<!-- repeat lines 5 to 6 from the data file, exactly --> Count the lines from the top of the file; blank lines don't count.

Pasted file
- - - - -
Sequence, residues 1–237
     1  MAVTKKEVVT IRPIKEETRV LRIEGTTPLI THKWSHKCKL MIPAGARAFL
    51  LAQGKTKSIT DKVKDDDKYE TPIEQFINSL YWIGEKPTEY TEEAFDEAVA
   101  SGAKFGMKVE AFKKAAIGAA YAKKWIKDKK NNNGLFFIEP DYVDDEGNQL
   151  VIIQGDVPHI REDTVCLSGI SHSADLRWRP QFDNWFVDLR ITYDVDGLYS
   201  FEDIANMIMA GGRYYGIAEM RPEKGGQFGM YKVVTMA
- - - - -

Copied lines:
   151  VIIQGDVPHI REDTVCLSGI SHSADLRWRP QFDNWFVDLR ITYDVDGLYS
   201  FEDIANMIMA GGRYYGIAEM RPEKGGQFGM YKVVTMA